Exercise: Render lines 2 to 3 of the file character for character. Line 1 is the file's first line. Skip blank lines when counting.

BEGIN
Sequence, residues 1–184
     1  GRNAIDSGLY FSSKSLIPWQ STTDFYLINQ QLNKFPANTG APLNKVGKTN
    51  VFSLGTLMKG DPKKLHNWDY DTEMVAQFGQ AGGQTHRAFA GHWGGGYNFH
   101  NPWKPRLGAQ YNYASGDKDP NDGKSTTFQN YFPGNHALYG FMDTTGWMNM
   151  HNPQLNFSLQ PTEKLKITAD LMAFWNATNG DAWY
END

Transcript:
     1  GRNAIDSGLY FSSKSLIPWQ STTDFYLINQ QLNKFPANTG APLNKVGKTN
    51  VFSLGTLMKG DPKKLHNWDY DTEMVAQFGQ AGGQTHRAFA GHWGGGYNFH